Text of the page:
Kremlin Wary of a Second Afghanistan in Ukraine

The fighting in eastern Ukraine has, from its very first days, provoked intense speculation among Russian bloggers.

Who is supplying the separatists with arms and ammunition? Who is fighting? Who is commanding the military operation?

For many bloggers, the answer to the first question is easy. Despite periodic denials from the Russian authorities, it seems hard to believe that the sophisticated weaponry in the hands of the Donbass separatists — clearly seen in photos and videos — came solely from pilfered Ukrainian armories. Separatists have also been seen driving T-64 tanks, just days after Russia moved similar tanks to a base near the Ukrainian border according to NATO.

The second question is harder to answer. In contrast to Crimea, where the local population greeted the Russian troops with broad support, the reaction of the Donbass population has been very different.

Most of the ethnic Russians living in eastern Ukraine support the idea of joining Russia. But the population has been biding their time in showing full support. A local warlord in Donetsk, retired colonel Igor Girkin, complained, "Not even 1,000 men in the whole territory are willing to risk their lives on the front lines, where every day there is gunfire."

The separatist army, then, appears to be a truly international motley crew. There are Cossacks, members of radical nationalist groups, contract soldiers, Chechens and mercenaries from almost every Russian region.

Still, controversy rages over why these foreign volunteers are willing to fight and die to eastern Ukraine

The well-known journalist Olga Romanova recently wrote on Facebook: "Today in Ivanovo they buried a young man. I knew him — in April he married the daughter of my friends. He died at the Donetsk Airport. Four other young men from Ivanovo died with him. I asked his parents why he went there. Their reply was grotesque: 'He wanted to pay off some loans …'"

According to the Ukrainian Security Service, or SBU, mercenaries' pay strictly follows a price list: they get $1,000 for every Ukrainian officer they kill and $300 for every dead soldier. They are also paid for each day on the front lines.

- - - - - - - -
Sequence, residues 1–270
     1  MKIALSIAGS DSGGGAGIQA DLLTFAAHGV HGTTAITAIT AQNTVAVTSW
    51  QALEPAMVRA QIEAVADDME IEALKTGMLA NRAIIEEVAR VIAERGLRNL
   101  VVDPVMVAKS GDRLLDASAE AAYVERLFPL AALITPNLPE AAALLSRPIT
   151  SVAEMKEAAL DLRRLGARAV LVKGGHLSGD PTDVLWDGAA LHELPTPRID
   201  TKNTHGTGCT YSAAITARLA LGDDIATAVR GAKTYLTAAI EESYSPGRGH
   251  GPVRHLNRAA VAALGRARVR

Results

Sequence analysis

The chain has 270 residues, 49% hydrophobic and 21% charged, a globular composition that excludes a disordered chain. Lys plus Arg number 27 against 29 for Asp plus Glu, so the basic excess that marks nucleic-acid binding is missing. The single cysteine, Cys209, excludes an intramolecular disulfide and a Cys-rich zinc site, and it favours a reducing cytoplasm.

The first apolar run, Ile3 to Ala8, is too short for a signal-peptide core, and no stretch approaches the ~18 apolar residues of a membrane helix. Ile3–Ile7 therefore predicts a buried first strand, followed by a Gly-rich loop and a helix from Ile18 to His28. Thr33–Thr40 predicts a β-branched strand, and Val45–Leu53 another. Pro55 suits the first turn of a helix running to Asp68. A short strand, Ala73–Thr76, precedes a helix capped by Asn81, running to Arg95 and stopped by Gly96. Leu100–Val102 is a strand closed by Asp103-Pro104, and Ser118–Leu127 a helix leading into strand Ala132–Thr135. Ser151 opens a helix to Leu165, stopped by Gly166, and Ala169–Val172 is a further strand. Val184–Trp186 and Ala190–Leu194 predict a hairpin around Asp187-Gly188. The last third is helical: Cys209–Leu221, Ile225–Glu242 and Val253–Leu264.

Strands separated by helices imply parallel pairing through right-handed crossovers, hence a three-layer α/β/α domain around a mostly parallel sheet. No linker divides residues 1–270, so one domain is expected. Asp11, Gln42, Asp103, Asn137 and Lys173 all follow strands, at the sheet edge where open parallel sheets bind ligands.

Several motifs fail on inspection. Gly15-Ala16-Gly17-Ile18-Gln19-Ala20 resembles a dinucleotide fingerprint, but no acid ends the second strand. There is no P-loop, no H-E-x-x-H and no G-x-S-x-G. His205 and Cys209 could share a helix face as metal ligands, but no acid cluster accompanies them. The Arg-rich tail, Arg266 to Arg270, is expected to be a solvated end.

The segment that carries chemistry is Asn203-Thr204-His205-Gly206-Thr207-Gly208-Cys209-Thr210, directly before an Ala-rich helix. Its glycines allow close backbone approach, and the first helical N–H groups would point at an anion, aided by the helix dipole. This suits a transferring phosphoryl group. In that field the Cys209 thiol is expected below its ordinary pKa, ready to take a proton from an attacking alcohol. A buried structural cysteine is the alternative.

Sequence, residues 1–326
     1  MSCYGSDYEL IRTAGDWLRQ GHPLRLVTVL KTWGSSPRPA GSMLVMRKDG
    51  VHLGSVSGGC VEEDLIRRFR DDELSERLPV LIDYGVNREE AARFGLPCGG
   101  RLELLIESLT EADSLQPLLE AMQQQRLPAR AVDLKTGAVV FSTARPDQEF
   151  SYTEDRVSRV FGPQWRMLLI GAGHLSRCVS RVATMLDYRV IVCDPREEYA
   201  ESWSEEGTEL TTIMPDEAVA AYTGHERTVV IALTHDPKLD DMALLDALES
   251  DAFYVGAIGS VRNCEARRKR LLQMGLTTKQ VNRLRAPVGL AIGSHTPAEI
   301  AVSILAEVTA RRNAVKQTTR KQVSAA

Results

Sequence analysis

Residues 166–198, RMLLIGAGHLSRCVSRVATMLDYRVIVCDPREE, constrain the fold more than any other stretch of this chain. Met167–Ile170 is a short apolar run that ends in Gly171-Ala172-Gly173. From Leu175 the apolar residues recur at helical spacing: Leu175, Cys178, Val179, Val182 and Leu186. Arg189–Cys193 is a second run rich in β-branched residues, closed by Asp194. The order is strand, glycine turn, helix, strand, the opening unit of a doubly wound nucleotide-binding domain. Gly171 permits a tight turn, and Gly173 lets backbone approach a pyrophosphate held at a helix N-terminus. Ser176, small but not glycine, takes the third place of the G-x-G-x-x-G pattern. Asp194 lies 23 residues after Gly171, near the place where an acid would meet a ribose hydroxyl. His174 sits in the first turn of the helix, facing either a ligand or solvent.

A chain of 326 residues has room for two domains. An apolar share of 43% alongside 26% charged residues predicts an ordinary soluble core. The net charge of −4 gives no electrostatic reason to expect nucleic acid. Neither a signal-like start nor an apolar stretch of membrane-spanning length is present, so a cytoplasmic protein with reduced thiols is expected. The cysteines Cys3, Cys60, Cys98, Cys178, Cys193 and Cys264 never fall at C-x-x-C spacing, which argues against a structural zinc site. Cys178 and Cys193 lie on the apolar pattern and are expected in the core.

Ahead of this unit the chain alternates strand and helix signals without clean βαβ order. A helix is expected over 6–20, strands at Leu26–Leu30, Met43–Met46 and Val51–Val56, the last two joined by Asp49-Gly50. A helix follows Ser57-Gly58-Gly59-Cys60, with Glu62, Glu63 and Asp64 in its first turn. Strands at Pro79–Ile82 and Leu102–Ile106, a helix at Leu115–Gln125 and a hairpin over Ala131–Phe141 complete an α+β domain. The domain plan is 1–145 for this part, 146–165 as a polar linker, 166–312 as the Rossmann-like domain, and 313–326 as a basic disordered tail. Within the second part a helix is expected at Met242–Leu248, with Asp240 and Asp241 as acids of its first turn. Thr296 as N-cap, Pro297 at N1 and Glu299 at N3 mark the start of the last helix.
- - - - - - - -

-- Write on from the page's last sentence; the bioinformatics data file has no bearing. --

Even less clear is who is commanding this mass of armed men. In Crimea, the operation was obviously under one command. But eastern Ukraine is more like Afghanistan. There are small fighting groups of 20 to 200 men. Each commander is acting independently.

And if they are indeed receiving orders from Russia, their chain of command is somewhat strange. The SBU intercepted a conversation between a major unit of separatists and their commander, who was in the southern Russian city of Rostov-on-Don. Their commander turned out to be a retired police sergeant who styled himself as a "Cossack general."

And just like in Afghanistan, a war of "everyone against everyone else" is being fought on captured territory. Separatist units loot and fight among themselves. Their commanders arrest each other. They have instituted their own laws, which include execution. Journalists and former officers of the Ukrainian state security services have been kidnapped, and sometimes held for ransom.

The result of all this confusion may cost these disorganized separatists dearly.

In an interview to the pro-separatist website "Russian Spring," Girkin complained that there is no unified command and worries that unfocused partisan fighting will last a long time.

On June 16, Girkin issued a statement calling for direct Russian military intervention in Ukraine. "We can burn up a hundred personnel carriers and kill another 5,000 soldiers — but that will not change the overall balance of power … Almost every day we leave another major populated area because there is no one — and nothing — to defend it with … Our small victories are just tactical. Strategically, we have been losing for a long time. If we don't get military aid, defeat is inevitable."

This situation may be unprecedented in Ukraine, but it is not without precedent in Soviet history. After the military coup sponsored by the U.S.S.R. in Afghanistan in April 1978, the new Afghan authorities quickly lost control of the country and began to bombard Moscow with requests for military intervention. The Politburo refused them until the end of December 1979, when they finally agreed to send in Soviet troops.

The result of that war on the fate of the Soviet Union is well known, and apparently President Putin remembers that lesson and is in no hurry to respond to Girkin's pleas.

Victor Davidoff is a Moscow-based writer and journalist who follows the Russian blogosphere in his biweekly column.

The views expressed in opinion pieces do not necessarily reflect the position of The Moscow Times.

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